I apologize for breaking the 31 for 21 challenge but yesterday I couldn't get one extra minute to put a post up.
I belong on a listserve for families with a child with Down Syndrome and an email was recently sent out regarding the new show on Fox called Glee. In one of the more recent shows, a woman is talking about morning sickness and when asked said that morning sickness is a good thing because it means that your child is not going to be a "mongoloid". I followed the link and watched the clip because I assumed when it was mentioned in the email, that the negative comment was going to be regarding the use of the word "retarded" or something along those lines. I actually felt sick to my stomach for all of the people living with Down Syndrome and how hurtful a word like that is.
Throughout all of my early research regarding Down Syndrome when Colin was born, I read a lot about how children with Down Syndrome were often referred to as Mongoloids because of their appearance and mental capacities. I read the story by Gene Stallings about his son who was born in the 1950s (I'm pretty sure it was that time period) and it was suggested to them, and many other families, that they institutionalize their children because of their diagnosis. They were considered "uneducatable". It amazes me how far we have come that when someone is diagnosed with Down Syndrome today, it really means that they have a world of possibilities ahead of them, just like anyone else. Education is key, just like anyone else. Love is key, just like anyone else.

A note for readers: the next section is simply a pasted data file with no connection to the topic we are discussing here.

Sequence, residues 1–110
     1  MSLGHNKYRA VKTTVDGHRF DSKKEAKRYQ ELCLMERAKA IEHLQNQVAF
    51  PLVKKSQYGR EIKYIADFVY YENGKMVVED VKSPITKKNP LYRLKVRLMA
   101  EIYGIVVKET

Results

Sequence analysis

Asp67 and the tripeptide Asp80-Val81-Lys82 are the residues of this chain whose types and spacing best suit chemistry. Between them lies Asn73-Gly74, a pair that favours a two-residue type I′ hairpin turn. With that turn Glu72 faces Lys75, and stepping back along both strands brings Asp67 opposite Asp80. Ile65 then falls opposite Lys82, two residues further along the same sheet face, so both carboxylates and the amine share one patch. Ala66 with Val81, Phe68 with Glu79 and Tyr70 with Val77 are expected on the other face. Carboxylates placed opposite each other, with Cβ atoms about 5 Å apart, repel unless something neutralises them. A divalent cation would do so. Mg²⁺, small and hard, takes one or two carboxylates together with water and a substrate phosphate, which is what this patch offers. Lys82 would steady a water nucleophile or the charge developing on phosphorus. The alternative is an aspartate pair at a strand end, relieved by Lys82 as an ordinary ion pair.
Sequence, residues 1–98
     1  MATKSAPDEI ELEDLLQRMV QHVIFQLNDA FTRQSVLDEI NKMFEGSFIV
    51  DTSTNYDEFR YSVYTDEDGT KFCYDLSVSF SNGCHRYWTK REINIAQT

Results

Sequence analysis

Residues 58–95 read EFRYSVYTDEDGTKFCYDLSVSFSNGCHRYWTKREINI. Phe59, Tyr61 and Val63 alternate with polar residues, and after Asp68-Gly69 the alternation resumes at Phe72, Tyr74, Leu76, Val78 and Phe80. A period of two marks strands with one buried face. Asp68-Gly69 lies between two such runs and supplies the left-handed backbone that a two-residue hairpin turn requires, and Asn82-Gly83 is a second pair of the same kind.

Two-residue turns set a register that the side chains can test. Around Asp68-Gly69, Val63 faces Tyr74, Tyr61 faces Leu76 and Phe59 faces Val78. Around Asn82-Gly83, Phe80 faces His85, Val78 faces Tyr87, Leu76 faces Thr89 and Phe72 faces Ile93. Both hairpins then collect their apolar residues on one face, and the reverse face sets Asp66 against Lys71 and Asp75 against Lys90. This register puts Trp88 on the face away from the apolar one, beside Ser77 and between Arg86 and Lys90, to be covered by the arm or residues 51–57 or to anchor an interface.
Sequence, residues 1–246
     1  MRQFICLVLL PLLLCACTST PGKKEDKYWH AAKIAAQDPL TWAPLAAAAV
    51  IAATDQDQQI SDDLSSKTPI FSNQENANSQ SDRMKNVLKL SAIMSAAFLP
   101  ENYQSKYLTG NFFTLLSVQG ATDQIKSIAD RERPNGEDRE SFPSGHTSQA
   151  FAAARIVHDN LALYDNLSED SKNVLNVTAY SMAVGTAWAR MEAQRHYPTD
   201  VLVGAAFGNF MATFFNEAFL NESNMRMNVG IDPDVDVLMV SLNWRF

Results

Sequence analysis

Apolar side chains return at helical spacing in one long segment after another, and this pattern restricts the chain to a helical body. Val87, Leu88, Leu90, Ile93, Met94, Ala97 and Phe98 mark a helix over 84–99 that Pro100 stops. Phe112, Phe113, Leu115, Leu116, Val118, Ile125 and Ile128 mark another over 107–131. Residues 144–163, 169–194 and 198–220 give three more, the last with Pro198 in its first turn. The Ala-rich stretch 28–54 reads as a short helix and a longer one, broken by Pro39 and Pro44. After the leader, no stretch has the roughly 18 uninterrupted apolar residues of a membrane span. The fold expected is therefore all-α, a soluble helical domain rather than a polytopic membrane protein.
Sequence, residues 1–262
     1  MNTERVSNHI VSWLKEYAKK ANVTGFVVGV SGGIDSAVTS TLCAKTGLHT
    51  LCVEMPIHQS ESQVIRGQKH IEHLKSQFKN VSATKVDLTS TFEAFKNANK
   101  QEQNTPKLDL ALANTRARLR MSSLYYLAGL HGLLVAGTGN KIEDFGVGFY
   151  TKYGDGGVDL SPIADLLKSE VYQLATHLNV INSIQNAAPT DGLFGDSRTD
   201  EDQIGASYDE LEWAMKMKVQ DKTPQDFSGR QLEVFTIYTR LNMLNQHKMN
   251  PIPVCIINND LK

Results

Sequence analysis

Sitcoms and comedies are designed to be funny. I enjoy laughter. However, I found it extremely hurtful that Fox chose to use such a word...period. I am sitting here trying to find a way to word this, but I don't even have to explain myself.
Chris and I were heartbroken when we found out that Colin had a diagnosis of Down Syndrome. We were scared and feared the unknown. Would he have health problems? Would he graduate high school? Would he ever get married? Is school going to be difficult for him?
However, Colin is the best thing that has ever happened to us and we wouldn't be who we are now if it weren't for him. It's always scary to venture off on a path that you hadn't planned in the beginning but just like anything else, you find your way and you realize it's ok to be on that path.
I'm sure we will still have some questions along the way and may have fears about the unknown, but Colin is showing us every day that with perserverance, you can accomplish anything...that's pretty good for only being 5 months old.
Thanks to Colin and to our friends and family, we are all raising awareness for Down Syndrome. We will change stereotypes so that hopefully, TV networks won't use hurtful words to make people laugh.